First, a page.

Writing
Art
Coloring
Lettering

Review: BATMAN/CATWOMAN #10 Hits Its Boiling Point

DC Comics’ Batman/Catwoman #10 is pure chaos. All of the slow, intricate threads have lead to one big, messy ball of violence. Writer Tom King, returning artist Clay Mann, colorist Tomeu Morey, and letterer Clayton Cowles bring this series to a fever pitch. Anything can happen now.

Writing

The timelines in King’s script, three threads set in different moments of Selina’s life, are more interrelated than ever. Often, King has a character ask a question in a scene. The scene cuts off, interrupted by another timeline where another character almost seems to be answering that same question. King uses this to make sure we’re paying attention. At one point, the end of one of Catwoman’s lines feels incredibly disturbing, until we see she’s talking to someone else in another time. Some of this script, however, does feel almost like a tantrum. Characters scream into each other’s faces, grasping at anything they can say that would be hurtful. It feels like a firehouse of information and dialogue being blasted across the page. Some lines hit hard, others just miss the mark. And after 27 pages of punching and yelling – something that’s entirely out of character for King to write – the stakes begin to slip away. This issue feels messy and a little unfinished. Though, with characters like these, it’s quite possible that that’s the whole point.

Batman/Catwoman King DC comics

Art

Mann really emphasizes Selina’s power in this issue. With one important exception, Selina is either looking straight out at her opponent or looking down at them. She’s above them, they are powerless beneath her. She hunches over Joker, ready to rain fists down upon him. She even looks down her nose at her own daughter. But while this points to Selina’s power, it points to her own dysfunction too. She actually sees herself as above all of this. Mann often depicts her standing on one side of the page, arms crossed and looking unimpressed. When someone finally has the upper hand and towers over her, she looks up at them, furious and small. Mann tells us so much about who Selina is by what he shows us in her fights.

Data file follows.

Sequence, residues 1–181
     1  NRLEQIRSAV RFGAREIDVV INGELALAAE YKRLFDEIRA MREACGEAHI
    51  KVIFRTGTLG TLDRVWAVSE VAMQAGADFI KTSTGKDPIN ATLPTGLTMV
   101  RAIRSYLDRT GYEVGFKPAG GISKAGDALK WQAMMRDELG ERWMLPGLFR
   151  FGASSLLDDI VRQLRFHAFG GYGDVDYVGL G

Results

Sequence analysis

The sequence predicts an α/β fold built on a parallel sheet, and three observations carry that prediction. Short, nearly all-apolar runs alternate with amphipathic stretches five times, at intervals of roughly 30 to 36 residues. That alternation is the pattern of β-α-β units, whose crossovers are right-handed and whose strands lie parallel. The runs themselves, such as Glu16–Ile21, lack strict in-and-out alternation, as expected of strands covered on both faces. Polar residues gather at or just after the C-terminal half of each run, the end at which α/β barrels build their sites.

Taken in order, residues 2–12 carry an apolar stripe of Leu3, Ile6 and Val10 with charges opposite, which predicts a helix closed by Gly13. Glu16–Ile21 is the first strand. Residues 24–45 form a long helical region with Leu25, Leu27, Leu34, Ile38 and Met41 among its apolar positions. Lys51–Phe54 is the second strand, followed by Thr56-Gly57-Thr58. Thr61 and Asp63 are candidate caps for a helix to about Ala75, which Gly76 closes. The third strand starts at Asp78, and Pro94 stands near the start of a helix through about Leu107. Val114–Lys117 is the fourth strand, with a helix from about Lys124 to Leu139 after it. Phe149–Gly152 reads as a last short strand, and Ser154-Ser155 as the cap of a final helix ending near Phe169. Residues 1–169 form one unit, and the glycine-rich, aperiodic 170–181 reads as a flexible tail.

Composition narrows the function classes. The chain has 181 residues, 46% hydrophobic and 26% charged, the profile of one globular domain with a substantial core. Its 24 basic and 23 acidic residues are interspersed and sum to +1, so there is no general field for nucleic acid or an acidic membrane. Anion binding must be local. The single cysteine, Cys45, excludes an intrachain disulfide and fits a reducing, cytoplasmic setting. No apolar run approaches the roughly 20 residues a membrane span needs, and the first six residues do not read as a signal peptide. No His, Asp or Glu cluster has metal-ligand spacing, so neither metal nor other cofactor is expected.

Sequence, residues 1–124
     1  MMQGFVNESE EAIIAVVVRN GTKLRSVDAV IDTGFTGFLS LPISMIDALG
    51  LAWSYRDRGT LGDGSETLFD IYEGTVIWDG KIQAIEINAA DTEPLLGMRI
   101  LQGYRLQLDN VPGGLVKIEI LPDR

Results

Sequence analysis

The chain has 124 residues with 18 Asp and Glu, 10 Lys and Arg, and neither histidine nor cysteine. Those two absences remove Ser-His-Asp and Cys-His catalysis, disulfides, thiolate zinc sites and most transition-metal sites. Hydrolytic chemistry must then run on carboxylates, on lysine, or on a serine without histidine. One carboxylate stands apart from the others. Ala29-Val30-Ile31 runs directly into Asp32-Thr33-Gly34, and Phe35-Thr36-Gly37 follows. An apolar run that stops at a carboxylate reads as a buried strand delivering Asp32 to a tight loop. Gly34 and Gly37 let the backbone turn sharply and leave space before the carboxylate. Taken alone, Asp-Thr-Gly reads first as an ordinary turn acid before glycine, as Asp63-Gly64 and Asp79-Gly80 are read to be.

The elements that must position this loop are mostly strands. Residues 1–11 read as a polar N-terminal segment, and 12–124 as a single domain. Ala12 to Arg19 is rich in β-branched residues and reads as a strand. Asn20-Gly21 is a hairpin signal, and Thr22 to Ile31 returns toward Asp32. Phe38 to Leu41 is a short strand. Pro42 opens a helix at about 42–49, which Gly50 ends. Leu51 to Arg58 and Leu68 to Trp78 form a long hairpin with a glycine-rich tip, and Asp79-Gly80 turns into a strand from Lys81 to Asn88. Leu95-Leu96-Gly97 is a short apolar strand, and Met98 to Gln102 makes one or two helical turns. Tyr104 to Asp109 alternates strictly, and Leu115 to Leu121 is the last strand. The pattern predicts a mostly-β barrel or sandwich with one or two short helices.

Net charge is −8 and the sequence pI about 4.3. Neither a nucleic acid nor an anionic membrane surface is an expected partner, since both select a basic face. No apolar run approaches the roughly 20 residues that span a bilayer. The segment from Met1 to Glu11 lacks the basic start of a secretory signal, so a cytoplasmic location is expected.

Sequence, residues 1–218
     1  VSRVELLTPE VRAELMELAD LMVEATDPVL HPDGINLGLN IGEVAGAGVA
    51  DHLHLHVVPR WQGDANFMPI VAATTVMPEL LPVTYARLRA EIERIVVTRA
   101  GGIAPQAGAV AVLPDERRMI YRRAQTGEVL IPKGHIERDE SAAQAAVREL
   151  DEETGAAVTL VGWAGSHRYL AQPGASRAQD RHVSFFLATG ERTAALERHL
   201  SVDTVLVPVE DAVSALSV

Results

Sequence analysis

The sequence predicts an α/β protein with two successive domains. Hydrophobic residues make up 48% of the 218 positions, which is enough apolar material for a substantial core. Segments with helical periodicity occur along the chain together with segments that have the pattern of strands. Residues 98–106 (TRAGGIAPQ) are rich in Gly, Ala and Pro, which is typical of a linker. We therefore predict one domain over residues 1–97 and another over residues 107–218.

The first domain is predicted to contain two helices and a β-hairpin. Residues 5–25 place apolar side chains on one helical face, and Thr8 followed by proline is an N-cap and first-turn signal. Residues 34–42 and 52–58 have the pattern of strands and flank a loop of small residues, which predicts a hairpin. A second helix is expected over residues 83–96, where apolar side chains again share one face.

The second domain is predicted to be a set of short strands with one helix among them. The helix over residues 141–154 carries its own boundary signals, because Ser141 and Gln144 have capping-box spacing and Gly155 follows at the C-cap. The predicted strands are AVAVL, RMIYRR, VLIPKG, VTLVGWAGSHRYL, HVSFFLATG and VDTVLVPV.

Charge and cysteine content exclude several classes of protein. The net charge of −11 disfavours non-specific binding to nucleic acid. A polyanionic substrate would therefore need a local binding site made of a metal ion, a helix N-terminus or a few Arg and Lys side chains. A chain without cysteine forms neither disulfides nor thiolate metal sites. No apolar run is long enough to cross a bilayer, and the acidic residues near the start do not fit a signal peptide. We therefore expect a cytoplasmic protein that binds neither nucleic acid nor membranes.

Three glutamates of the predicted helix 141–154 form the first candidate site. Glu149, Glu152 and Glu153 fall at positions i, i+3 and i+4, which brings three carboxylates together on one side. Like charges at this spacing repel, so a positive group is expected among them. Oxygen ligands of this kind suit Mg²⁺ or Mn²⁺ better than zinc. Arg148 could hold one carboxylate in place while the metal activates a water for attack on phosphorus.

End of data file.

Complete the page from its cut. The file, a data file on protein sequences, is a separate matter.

Coloring

Morey gives each scene, or timeline, its own specific coloring. One scene is cast in the light green glow of a toy shop, and later the red of the Christmas lights outside. Another scene is washed in the soft pink of the Iceberg Lounge’s neon sign. The third scene is colored in a gentle blue, set during a cold winter night. The red is interesting. It begins by creating a Christmasy feeling, matching the red of Joker’s Santa suit. But it quickly starts to feel more like the scene is characterized by bloody violence and fury. The pink has a similar effect, as Selina fights her daughter. In a way, the pink lights remind us that this is Selina’s little girl that she’s trying to beat up. But it’s the gentle blue color that’s the most interesting of all. As Selina fights the Joker, she’s getting nothing out of him. Her punching isn’t relieving any of her stress, his tormenting of her is met with matter-of-fact retorts. The scene, though actually violent, feels sterilized and unemotional. It’s just another day for these costumed hooligans in Gotham, and that’s exactly why Selina wants to break the cycle. It’s the normalcy of it that disturbs her the most.

Batman/Catwoman King DC comics

Lettering

Cowles gives his sound effects so much character. The “SLASH” of nails slicing through the air is written in thin white letters that cut across the page. The “CRACKKCLICK” of a toy boat shattering against a wall is written in letters that look like they’re falling apart. When Joker is tossed onto a pile of display case Christmas presents, the “KRAANKKK” sound effect he makes is shown in big, hollow letters. It makes you feel like you can hear that the boxes are empty as Joker’s body hits them. Cowles is constantly coming up with new ways to make you hear this comic in your head. It’s fantastic.


DC Comics’ Batman/Catwoman has been slowly getting to its big climax for a while now. Issue #10 might just be it. While the script for this issue feels a little unrefined, it’s true to these characters. We’ll have to wait and see how much comes of this issue, and how much of the big picture we’re still missing. Pick up Batman/Catwoman #10, out now at a comic shop near you!

Zac Owens
Zac Owens
A world traveler and all-around nerdy guy, Zac is a DC fan and aspiring comic book writer. When he's not writing and editing for Monkeys Fighting Robots, he's carefully fitting more books onto his already-dangerously-overstuffed bookshelf. He lives in Halifax, NS for the moment. That is, until his Green Lantern ring comes in...

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Review: BATMAN/CATWOMAN #10 Hits Its Boiling PointDC Comics' Batman/Catwoman #10 is pure chaos. All of the slow, intricate threads have lead to one big, messy ball of violence. Writer Tom King, returning artist Clay Mann, colorist Tomeu Morey, and letterer Clayton Cowles bring this series to a fever pitch. Anything can happen...